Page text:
In 2017, Nevada legislators voted to become the first state in more than three decades to ratify the ERA. A year later, Illinois followed suit.

READ: What it’s like to flip the House as a female candidate in 2018.

Virginia’s vote on Tuesday won’t officially count as a vote to ratify; both legislative chambers must also vote to pass one another’s resolutions, which they’re expected to do. Once that happens, the ERA will head to the archivist of the United States, who is in charge of “publishing” all Constitutional amendments.

Under normal circumstances, that publication would be little more than a ceremonial signoff. But thanks to the ERA’s unique history, it’s set to become an obstacle.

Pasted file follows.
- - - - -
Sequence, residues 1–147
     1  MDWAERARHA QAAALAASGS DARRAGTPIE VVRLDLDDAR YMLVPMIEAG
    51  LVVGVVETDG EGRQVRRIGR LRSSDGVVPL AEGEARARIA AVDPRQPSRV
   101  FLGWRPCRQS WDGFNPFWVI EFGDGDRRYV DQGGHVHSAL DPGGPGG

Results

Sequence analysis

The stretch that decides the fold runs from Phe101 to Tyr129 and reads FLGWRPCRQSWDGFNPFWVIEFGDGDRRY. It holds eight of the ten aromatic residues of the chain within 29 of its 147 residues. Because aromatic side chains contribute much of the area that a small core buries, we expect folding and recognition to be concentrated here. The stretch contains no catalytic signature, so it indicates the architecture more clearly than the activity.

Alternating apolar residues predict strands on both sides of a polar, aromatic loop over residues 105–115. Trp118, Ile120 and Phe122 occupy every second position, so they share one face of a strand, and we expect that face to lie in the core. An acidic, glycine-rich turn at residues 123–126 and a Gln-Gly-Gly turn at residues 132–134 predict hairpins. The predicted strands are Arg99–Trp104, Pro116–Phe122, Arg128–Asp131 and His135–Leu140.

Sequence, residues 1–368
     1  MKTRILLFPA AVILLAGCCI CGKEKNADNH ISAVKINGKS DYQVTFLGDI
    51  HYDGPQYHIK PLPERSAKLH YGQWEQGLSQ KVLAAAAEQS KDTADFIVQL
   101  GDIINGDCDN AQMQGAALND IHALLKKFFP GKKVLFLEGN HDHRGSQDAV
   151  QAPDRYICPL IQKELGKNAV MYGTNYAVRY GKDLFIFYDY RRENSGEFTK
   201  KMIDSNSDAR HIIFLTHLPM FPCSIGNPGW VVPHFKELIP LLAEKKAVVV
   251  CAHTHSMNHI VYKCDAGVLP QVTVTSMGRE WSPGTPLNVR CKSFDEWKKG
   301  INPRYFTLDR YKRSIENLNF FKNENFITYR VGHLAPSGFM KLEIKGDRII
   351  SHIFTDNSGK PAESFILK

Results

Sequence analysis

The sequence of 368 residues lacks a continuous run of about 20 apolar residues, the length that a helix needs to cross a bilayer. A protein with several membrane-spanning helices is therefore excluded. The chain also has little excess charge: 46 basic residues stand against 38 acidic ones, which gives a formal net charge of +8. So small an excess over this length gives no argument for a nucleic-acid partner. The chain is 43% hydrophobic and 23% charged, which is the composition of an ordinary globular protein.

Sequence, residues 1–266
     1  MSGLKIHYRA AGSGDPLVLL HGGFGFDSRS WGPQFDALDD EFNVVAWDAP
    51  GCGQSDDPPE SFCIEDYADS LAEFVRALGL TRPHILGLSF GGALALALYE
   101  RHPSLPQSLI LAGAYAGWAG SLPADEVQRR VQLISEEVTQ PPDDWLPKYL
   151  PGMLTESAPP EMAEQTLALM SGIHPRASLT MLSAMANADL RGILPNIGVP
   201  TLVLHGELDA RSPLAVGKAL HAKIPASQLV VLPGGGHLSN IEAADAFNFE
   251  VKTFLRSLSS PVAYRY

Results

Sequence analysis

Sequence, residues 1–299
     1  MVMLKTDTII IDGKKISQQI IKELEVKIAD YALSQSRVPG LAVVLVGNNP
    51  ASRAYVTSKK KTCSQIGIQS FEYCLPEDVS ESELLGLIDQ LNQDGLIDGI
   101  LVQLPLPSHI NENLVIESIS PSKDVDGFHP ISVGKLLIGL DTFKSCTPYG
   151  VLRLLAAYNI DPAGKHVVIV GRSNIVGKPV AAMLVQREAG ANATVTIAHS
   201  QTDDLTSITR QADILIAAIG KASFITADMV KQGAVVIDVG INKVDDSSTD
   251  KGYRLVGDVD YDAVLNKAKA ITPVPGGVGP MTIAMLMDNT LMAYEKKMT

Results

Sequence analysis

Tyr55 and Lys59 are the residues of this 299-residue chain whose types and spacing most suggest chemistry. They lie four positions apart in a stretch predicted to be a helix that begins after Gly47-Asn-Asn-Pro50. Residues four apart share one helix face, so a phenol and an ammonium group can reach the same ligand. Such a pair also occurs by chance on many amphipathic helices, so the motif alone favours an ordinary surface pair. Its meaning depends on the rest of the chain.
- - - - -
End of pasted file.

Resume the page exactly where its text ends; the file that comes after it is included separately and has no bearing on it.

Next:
“It could be that those conservatives on the court basically reverse that 100 years of precedent to strike down the ERA.”

Modern advocates for the ERA say that Congress’ ratification deadlines don’t matter, because they weren’t included in the original text of the amendment. In early January, the Department of Justice announced that its Office of Legal Counsel disagreed with that analysis. The office concluded instead that the deadlines are valid, so the ERA is “no longer pending before the states.”

The archivist’s agency has said that it will abide by the Department of Justice’s opinion, unless a court order says otherwise. Two federal lawsuits have already been filed against the archivist over the ERA, and those could well end up at the Supreme Court.

But historically, neither the executive nor the judicial branch of government really has any authority in the amendment process, said Robinson Woodward-Burns, an assistant professor of political science at Howard University who has written about the ERA. He believes that the Supreme Court may shunt the question of the ERA to Congress.